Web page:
So we are not here because of evolution; or, rather, not wholly. Some physio-environmental-chemical process could have (and I think did) brought us to the point at which our frames were sufficiently able to interact with non-material intellects and wills. But at the point some Higher Power must necessarily have intervened.
It’s not likely Berwick and Chomsky would agree with this explanation. They argue that some physio-environmental-chemical process created all animals, including us, and including those parts of us that create and process speech—and they assume, but of course cannot prove, also those parts that comprehend speech.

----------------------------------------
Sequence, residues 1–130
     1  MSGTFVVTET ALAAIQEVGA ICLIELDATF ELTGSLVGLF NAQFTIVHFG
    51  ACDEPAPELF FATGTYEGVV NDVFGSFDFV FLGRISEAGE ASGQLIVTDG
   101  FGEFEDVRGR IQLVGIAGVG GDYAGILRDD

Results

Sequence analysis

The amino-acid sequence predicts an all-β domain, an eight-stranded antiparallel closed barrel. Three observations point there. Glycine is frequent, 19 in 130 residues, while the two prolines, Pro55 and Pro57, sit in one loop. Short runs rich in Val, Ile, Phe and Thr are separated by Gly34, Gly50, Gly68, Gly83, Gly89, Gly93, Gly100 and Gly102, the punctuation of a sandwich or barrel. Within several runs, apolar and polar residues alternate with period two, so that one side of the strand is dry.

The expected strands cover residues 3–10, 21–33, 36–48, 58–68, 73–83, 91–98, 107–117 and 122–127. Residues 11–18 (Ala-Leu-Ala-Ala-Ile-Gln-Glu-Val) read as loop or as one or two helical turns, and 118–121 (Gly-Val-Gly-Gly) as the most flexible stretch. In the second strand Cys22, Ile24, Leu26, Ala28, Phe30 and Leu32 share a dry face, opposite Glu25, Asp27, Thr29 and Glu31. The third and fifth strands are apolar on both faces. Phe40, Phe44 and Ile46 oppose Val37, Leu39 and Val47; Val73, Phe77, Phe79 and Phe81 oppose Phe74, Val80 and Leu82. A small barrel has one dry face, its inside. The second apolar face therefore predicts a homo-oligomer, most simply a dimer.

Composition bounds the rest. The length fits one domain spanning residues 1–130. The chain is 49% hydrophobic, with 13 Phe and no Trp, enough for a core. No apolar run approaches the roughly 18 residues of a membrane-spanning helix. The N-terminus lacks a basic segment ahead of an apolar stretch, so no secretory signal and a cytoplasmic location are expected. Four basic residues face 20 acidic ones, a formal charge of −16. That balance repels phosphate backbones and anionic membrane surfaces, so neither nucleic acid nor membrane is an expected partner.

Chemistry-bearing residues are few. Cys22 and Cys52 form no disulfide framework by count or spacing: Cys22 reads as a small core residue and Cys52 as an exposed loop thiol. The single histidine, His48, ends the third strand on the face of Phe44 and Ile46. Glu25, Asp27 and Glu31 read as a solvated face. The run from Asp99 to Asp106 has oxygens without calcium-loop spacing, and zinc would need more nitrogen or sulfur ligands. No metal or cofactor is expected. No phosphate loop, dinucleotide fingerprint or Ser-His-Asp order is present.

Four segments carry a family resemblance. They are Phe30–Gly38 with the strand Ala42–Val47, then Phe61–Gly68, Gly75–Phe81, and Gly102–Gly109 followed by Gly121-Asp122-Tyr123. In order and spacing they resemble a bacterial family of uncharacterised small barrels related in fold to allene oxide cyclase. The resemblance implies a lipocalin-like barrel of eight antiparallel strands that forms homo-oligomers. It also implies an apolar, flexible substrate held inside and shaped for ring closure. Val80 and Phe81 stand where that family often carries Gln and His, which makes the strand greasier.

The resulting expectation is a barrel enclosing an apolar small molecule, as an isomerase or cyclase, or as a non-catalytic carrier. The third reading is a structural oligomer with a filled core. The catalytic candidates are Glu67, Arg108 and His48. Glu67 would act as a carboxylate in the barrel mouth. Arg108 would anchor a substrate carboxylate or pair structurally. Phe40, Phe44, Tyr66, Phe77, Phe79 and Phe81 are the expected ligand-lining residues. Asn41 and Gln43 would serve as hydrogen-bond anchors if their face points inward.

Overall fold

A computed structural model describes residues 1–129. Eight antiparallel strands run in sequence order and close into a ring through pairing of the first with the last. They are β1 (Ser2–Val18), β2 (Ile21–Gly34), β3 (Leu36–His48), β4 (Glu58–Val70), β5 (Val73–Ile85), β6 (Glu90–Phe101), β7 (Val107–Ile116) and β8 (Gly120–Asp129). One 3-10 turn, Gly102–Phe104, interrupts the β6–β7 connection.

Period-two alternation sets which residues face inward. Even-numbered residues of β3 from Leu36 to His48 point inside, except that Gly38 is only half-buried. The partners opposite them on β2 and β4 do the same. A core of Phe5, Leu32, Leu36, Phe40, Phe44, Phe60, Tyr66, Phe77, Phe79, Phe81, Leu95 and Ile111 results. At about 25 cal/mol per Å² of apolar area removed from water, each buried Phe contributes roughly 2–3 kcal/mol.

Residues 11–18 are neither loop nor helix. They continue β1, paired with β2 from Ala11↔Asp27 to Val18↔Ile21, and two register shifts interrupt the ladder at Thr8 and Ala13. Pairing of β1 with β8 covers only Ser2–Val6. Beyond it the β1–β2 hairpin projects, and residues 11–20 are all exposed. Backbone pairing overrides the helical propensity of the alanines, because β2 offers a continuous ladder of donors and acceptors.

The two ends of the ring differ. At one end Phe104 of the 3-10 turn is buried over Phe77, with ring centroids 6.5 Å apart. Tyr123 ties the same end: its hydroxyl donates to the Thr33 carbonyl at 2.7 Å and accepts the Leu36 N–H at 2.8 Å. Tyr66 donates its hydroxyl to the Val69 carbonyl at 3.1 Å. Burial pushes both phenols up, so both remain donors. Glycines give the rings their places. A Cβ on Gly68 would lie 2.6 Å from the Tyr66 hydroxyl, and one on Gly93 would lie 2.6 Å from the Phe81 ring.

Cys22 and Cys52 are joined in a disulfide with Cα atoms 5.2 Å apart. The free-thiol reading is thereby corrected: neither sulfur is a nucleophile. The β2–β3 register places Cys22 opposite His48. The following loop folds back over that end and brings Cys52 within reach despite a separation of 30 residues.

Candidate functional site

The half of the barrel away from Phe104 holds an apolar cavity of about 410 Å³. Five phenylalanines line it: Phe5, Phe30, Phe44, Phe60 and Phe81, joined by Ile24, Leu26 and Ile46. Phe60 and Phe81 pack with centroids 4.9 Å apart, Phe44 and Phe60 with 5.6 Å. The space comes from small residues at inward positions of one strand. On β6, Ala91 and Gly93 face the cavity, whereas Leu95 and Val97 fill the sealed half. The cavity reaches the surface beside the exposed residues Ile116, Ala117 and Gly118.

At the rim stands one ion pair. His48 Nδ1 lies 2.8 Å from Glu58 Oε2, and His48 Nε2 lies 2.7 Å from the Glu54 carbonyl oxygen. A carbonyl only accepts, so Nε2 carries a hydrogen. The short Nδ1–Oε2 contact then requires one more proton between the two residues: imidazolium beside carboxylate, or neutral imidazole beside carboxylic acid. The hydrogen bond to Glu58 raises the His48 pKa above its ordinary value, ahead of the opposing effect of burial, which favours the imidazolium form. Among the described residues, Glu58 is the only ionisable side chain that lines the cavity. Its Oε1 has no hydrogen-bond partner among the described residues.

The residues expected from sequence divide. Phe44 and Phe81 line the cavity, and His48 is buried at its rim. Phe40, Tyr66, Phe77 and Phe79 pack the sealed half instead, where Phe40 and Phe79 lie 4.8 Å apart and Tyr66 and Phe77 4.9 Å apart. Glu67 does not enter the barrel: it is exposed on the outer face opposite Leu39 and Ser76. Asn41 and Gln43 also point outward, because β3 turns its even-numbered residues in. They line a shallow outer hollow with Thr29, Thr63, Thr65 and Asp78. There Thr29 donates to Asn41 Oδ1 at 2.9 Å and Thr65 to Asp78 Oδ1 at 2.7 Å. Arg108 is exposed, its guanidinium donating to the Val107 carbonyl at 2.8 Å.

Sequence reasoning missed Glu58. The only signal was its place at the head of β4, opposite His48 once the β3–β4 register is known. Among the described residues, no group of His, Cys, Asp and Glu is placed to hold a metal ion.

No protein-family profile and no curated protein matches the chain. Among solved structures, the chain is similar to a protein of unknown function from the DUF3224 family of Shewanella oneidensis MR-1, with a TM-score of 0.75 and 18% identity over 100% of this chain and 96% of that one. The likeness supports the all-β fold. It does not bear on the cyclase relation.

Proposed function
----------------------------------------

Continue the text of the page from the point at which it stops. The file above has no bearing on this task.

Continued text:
In search of this, much of the book is given over to anatomical discussion of neural pathways, brain structures, and so on. We see pictures of the dorsal pathway “Part of the AF/SLF connecting to precentral premotor cortex” in humans, chickens, macaques, etc. Lots of supposition where in the brain noise-making and noise-recognition is processed. About how it all works they say their guesses are “necessarily speculative because we do not really know how the Basic Property is actually implemented in neural circuitry.” This non-answer is satisfactory for the philosophical reader, but obviously won’t be for the biological one. I’ll not say anything more about physiology, as I’m in the philosophical camp. I also won’t here discuss what they call the Darwinian “Modern Synthesis”, “fitness”, about which they are critical, and “random” and “fully stochastic” evolution, and the like except to say “random” or “stochastic” are not substitutes for cause.